Round The Corner

The people and neighborhoods of our region have fascinating stories to tell, and WVXU is committed to telling them.

Round the Corner is our community storytelling initiative, shining a light on the people, businesses, history, and events that make Greater Cincinnati such a fascinating place to live, work, and raise a family.

The first Round the Corner community is Roselawn where WVXU reporter Jolene Almendarez has been spending the last several weeks meeting with community leaders, business owners, and longtime residents. Her first story, about the popular Vietnamese restaurant Song Long, is posted below.

Additional stories from Roselawn will air on 91.7 WVXU and 88.5 WMUB, and stream on wvxu.org, the WVXU mobile app, and on your smart speaker.

Courtesy of Great Parks of Hamilton County

The Great Parks Nature Center at The Summit is receiving a grant from Ohio EPA to jump-start its educational programming. The center in Roselawn was established in 2019 to provide environmental education and nature programming.

JCC Picture Collection

It was the 1950s in Roselawn. You could pay a nickel for a pickle out of barrel at the pharmacy. There were at least five kosher butcher shops on or near Reading Road, and Jewish refugees fleeing Europe set up bakeries to sell traditional goods like braided challah and mandel bread, a Jewish version of biscotti.

Rabbi Irvin Wise, 72, says his family moved to Roselawn in the fall of 1962 during the heyday of the Jewish community in the neighborhood.

Jolene Almendarez / WVXU

The Community Economic Advancement Initiative, an organization founded in 2015 to support the African American community in Cincinnati, has loosely broken ties with The Port over ideological differences. CEAI claims the development group may inadvertently gentrify neighborhoods.

CEAI Board Secretary Gene Ellington said his organization and The Port of Greater Cincinnati Development Authority have "sort of divergent concerns and issues," and the relationship between the two organizations has been challenged over the years.

Jolene Almendarez / WVXU

It's a Saturday morning and Roselawn Community Council trustees are pulling weeds, picking up cans and getting rid of garbage along Reading Road. Council Trustee Carla Foster has a weed sprayer strapped to her back.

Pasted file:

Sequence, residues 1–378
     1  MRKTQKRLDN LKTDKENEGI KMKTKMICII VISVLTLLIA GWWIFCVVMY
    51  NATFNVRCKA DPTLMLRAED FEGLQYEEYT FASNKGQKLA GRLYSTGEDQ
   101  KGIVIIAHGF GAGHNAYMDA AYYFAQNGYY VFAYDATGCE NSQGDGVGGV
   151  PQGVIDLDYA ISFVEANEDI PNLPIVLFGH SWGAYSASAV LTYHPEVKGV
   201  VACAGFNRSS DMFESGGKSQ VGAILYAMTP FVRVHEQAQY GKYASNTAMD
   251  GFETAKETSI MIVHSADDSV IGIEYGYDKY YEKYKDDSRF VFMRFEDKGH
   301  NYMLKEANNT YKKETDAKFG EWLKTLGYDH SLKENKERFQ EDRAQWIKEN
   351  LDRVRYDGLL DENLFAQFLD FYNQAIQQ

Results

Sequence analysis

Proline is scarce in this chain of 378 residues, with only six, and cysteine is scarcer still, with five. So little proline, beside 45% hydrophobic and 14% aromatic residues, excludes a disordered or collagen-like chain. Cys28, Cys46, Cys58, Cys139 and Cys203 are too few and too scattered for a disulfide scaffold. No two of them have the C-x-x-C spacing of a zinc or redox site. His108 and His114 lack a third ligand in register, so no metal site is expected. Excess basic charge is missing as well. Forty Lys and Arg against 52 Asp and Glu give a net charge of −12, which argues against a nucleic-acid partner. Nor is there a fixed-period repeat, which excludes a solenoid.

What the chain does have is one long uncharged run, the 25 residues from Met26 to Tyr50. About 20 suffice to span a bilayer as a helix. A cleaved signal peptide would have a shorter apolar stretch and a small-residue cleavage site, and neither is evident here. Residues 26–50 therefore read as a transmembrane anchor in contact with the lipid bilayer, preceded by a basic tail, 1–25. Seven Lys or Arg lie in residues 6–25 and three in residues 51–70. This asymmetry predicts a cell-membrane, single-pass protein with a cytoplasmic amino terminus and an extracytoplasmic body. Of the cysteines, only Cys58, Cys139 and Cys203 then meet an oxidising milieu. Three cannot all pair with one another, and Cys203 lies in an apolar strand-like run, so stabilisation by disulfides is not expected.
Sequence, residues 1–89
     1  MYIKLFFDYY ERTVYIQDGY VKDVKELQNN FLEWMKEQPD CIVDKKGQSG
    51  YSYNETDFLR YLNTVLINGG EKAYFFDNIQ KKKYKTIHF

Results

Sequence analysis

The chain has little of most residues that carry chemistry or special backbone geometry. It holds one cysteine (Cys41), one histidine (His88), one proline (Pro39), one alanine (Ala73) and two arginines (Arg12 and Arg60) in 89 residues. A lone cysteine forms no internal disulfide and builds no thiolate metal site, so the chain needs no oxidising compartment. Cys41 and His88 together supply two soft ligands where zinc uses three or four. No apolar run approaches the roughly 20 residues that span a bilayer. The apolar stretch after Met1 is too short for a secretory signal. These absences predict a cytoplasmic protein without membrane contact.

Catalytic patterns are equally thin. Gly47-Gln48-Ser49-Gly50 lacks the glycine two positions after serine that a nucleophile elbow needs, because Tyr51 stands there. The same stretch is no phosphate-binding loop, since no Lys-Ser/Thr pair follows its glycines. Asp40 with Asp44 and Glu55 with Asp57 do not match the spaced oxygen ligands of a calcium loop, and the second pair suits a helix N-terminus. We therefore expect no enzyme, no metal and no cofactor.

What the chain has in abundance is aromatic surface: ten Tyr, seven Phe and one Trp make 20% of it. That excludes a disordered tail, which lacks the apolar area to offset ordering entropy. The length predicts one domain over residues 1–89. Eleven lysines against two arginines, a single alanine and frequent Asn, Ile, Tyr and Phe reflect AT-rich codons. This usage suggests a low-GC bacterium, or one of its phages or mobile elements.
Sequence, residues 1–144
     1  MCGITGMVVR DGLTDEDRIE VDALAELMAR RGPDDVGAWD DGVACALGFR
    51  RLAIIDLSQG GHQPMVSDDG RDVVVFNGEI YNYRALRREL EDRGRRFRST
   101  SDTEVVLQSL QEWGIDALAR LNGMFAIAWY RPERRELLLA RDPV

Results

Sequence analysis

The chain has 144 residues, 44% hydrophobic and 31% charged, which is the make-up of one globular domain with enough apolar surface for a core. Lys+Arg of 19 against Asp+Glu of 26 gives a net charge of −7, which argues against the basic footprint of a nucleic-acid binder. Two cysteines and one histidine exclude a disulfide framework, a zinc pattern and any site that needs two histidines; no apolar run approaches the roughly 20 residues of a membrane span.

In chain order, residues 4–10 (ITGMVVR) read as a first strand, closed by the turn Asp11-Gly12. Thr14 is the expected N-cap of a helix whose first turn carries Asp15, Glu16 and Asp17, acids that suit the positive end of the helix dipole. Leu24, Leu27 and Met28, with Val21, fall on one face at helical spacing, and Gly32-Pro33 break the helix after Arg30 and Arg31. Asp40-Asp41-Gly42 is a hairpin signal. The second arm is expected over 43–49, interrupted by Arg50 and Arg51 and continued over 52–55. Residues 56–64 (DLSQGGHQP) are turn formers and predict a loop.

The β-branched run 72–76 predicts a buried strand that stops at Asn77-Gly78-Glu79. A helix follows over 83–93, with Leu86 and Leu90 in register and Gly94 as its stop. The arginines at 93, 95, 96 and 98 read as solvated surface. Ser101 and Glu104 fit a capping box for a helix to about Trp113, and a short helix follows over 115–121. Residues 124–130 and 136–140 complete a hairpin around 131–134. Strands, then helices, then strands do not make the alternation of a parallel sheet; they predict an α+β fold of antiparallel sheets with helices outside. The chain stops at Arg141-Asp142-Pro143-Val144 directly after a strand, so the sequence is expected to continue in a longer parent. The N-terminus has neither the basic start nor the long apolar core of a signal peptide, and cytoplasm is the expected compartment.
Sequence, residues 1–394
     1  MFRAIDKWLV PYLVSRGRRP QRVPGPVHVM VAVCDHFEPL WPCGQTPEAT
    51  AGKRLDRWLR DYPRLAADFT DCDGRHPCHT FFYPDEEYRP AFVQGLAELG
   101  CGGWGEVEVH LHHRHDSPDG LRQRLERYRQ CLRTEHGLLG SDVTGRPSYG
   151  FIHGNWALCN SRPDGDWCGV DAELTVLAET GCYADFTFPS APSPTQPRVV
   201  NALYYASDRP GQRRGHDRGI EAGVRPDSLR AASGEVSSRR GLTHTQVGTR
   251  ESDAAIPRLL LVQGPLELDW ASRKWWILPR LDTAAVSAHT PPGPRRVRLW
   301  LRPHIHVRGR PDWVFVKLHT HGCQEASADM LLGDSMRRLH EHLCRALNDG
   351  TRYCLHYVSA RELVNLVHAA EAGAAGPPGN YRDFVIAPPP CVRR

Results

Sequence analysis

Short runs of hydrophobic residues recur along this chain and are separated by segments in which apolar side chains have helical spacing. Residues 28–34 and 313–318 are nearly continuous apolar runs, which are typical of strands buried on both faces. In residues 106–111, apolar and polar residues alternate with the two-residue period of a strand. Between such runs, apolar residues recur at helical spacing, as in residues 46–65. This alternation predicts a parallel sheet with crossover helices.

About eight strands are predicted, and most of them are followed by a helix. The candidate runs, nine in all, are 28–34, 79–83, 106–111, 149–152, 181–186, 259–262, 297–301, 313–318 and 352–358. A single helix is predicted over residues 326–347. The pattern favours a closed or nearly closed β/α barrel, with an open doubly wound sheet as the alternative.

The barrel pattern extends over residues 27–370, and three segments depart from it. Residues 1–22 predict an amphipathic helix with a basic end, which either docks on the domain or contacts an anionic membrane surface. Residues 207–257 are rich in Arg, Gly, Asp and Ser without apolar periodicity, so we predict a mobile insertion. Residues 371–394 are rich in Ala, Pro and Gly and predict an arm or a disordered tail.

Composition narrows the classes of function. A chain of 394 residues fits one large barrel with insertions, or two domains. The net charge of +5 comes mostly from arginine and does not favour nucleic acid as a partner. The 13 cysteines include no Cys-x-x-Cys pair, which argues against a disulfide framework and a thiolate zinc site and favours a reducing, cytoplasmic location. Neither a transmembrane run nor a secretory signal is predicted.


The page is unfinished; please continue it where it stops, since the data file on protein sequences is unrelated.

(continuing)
"It used to be a destination spot," she said of Roselawn. "I grew up in Avondale, so growing up this is where you wanted to move and I did. And now it's not the way it was." 

Jim Nolan / WVXU

In addition to covering the big stories of the day, WVXU has launched a community storytelling initiative to seek out the people, places and events that make Greater Cincinnati and Northern Kentucky unique.

For 'Round the Corner, a WVXU reporter will spend several weeks getting to know residents, business operators and leaders in one neighborhood, suburb or a community of folks, like say, veterans.

First up: The Cincinnati neighborhood of Roselawn.

Jolene Almendarez / WVXU

On any given morning, about 550 students at the Academy of Multilingual Immersion Studies in Roselawn are greeted with "Hola" and "¿Cómo estás?" It's a school where students learn Spanish or English in an immersive experience, which educators say is part of a long term goal to prepare students for life in a diverse society.

new prospect baptist church
Kevin Weber / WVXU

A church in Roselawn has been transforming into a neighborhood hub for just over a decade, renovating a dilapidated community space in an effort to return it to its glory days. It's not just about the space. New Prospect Baptist Church says it's focusing on essentials, like childcare and business development, to creates a playing field where the community can thrive.

Kevin Weber / WVXU

Cuc Le is a 74-year-old woman who's about four feet tall with a slight body. She wears jade bracelets that clink while she cooks Vietnamese staples at her restaurant in Roselawn.

She, her husband, Anthony, and their young family left Saigon as refugees just after the Vietnam War in the fall of 1975. She hardly spoke any English as they moved through military bases when they first arrived in the United States. But then, Saint Antoninus Catholic Church on the West Side of Cincinnati sponsored them and the city became their home.